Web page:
Spinocerebellar ataxia types 1, 2, 3, and 6: disease severity and nonataxia symptoms.

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    OBJECTIVE: To identify factors that determine disease severity and clinical phenotype of the most common spinocerebellar ataxias (SCAs), we studied 526 patients with SCA1, SCA2, SCA3. or SCA6. METHODS: To measure the severity of ataxia we used the Scale for the Assessment and Rating of Ataxia (SARA). In addition, nonataxia symptoms were assessed with the Inventory of Non-Ataxia Symptoms (INAS). The INAS count denotes the number of nonataxia symptoms in each patient. RESULTS: An analysis of covariance with SARA score as dependent variable and repeat lengths of the expanded and normal allele, age at onset, and disease duration as independent variables led to multivariate models that explained 60.4% of the SARA score variance in SCA1, 45.4% in SCA2, 46.8% in SCA3, and 33.7% in SCA6. In SCA1, SCA2, and SCA3, SARA was mainly determined by repeat length of the expanded allele, age at onset, and disease duration. The only factors determining the SARA score in SCA6 were age at onset and disease duration. The INAS count was 5.0 +/- 2.3 in SCA1, 4.6 +/- 2.2 in SCA2, 5.2 +/- 2.5 in SCA3, and 2.0 +/- 1.7 in SCA6. In SCA1, SCA2, and SCA3, SARA score and disease duration were the strongest predictors of the INAS count. In SCA6, only age at onset and disease duration had an effect on the INAS count. CONCLUSIONS: Our study suggests that spinocerebellar ataxia (SCA) 1, SCA2, and SCA3 share a number of common biologic properties, whereas SCA6 is distinct in that its phenotype is more determined by age than by disease-related factors

    Spinocerebellar Ataxia Type 2

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    1. Introduction: The autosomal dominant cerebellar ataxias (ADCA) are a clinically, pathologically and genetically heterogeneous group of neurodegenerative disorders caused by degeneration of cerebellum and its afferent and efferent connections. The degenerative process may additionally involves the ponto- medullar systems, pyramidal tracts, basal ganglia, cerebral cortex, peripheral nerves (ADCA I) and the retina (ADCA II), or can be limited to the cerebellum (ADCA III) (Harding et al., 1993). The most common of these dominantly inherited autosomal ataxias, ADCA I, includes many Spinocerebellar Ataxias (SCA) subtypes, some of which are caused by pathological CAG trinucleotide repeat expansion in the coding region on the mutated gene. Such is the case for SCA1, SCA2, SCA3/MJD, SCA6, SCA7, SCA17 and Dentatorubral-pallidoluysian atrophy (DRPLA) (Matilla et al., 2006). Among the almost 30 SCAs, the variant SCA2 is the second most prevalent subtype worldwide, only surpassed by SCA3 (Schöls et al., 2004; Matilla et al., 2006; Auburger, 2011)..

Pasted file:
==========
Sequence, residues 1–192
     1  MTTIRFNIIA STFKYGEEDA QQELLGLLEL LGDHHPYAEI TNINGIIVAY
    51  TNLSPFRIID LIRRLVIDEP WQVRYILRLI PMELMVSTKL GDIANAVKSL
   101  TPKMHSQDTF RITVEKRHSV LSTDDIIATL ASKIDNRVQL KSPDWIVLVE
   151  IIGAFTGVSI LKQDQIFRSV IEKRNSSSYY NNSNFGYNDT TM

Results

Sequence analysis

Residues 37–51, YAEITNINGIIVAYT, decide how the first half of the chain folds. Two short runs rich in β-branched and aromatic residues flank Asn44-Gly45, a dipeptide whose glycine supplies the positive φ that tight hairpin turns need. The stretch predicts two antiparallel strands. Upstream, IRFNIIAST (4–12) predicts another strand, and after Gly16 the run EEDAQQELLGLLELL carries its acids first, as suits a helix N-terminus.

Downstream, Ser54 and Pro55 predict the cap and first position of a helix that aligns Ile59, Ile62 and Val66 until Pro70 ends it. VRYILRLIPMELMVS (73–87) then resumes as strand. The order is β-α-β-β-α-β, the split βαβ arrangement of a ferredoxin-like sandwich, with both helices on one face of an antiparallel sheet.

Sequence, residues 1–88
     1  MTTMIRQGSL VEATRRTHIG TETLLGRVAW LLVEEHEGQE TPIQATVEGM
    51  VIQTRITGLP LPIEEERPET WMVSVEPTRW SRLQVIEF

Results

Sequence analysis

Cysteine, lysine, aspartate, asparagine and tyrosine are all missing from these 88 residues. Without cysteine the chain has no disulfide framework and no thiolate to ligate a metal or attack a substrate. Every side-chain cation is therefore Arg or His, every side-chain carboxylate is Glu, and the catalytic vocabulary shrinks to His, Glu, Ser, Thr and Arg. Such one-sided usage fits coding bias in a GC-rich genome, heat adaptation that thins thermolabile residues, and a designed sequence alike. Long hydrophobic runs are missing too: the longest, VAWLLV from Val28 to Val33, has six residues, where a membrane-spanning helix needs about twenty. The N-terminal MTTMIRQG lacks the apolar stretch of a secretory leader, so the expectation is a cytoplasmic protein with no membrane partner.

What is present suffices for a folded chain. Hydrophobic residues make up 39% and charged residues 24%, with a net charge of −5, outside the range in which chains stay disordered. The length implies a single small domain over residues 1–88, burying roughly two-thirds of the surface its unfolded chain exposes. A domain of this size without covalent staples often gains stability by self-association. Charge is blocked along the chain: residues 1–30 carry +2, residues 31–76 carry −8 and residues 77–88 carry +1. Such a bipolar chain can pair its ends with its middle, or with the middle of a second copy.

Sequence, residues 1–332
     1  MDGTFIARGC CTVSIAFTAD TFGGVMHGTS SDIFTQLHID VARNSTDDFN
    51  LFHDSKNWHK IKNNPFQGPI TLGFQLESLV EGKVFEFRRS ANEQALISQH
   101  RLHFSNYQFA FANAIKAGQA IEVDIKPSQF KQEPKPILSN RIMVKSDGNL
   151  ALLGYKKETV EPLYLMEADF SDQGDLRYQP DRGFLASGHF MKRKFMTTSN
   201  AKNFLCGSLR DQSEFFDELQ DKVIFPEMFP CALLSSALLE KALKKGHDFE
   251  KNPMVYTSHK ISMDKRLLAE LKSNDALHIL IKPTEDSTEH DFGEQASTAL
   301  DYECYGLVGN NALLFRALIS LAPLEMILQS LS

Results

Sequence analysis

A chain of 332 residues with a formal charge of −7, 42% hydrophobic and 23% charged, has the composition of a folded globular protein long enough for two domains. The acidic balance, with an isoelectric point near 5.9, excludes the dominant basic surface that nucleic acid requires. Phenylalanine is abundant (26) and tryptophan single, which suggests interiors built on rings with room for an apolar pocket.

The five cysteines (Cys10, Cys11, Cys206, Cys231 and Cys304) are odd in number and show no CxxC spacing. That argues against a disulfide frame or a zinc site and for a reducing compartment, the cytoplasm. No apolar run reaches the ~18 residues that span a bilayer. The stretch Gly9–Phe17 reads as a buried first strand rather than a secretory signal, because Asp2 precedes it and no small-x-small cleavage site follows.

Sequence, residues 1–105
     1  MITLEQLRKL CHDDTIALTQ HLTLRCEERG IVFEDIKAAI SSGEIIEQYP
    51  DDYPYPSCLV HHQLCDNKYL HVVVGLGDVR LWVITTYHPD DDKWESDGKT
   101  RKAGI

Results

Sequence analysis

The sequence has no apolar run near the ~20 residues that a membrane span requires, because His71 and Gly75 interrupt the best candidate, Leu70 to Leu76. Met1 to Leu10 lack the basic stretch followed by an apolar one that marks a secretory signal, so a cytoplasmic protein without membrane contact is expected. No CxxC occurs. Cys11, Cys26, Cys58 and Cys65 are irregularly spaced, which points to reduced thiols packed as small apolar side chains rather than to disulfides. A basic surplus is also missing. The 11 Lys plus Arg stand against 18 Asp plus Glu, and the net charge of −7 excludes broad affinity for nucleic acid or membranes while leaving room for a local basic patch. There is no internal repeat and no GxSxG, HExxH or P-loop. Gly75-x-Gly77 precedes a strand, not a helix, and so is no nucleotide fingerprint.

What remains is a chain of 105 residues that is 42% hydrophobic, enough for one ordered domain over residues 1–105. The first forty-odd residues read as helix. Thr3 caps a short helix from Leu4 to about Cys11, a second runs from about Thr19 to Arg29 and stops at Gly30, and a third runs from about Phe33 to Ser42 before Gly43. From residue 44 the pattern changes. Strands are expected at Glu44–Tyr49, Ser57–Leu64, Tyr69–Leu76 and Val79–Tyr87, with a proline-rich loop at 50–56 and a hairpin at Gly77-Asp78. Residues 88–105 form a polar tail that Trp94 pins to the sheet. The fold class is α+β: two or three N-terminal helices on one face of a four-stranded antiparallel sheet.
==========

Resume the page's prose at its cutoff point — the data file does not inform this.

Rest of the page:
Epigenetic and neurological effects and safety of high-dose nicotinamide in patients with Friedreich's ataxia: an exploratory, open-label, dose-escalation study

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    Background: Friedreich's ataxia is a progressive degenerative disorder caused by deficiency of the frataxin protein. Expanded GAA repeats within intron 1 of the frataxin (FXN) gene lead to its heterochromatinisation and transcriptional silencing. Preclinical studies have shown that the histone deacetylase inhibitor nicotinamide (vitamin B3) can remodel the pathological heterochromatin and upregulate expression of FXN. We aimed to assess the epigenetic and neurological effects and safety of high-dose nicotinamide in patients with Friedreich's ataxia. Methods: In this exploratory, open-label, dose-escalation study in the UK, male and female patients (aged 18 years or older) with Friedreich's ataxia were given single doses (phase 1) and repeated daily doses of 2–8 g oral nicotinamide for 5 days (phase 2) and 8 weeks (phase 3). Doses were gradually escalated during phases 1 and 2, with individual maximum tolerated doses used in phase 3. The primary outcome was the upregulation of frataxin expression. We also assessed the safety and tolerability of nicotinamide, used chromatin immunoprecipitation to investigate changes in chromatin structure at the FXN gene locus, and assessed the effect of nicotinamide treatment on clinical scales for ataxia. This study is registered with ClinicalTrials.gov, number NCT01589809. Findings: Nicotinamide was generally well tolerated; the main adverse event was nausea, which in most cases was mild, dose-related, and resolved spontaneously or after dose reduction, use of antinausea drugs, or both. Phase 1 showed a dose-response relation for proportional change in frataxin protein concentration from baseline to 8 h post-dose, which increased with increasing dose (p=0·0004). Bayesian analysis predicted that 3·8 g would result in a 1·5-times increase and 7·5 g in a doubling of frataxin protein concentration. Phases 2 and 3 showed that daily dosing at 3·5–6 g resulted in a sustained and significant (p<0·0001) upregulation of frataxin expression, which was accompanied by a reduction in heterochromatin modifications at the FXN locus. Clinical measures showed no significant changes. Interpretation: Nicotinamide was associated with a sustained improvement in frataxin concentrations towards those seen in asymptomatic carriers during 8 weeks of daily dosing. Further investigation of the long-term clinical benefits of nicotinamide and its ability to ameliorate frataxin deficiency in Friedreich's ataxia is warranted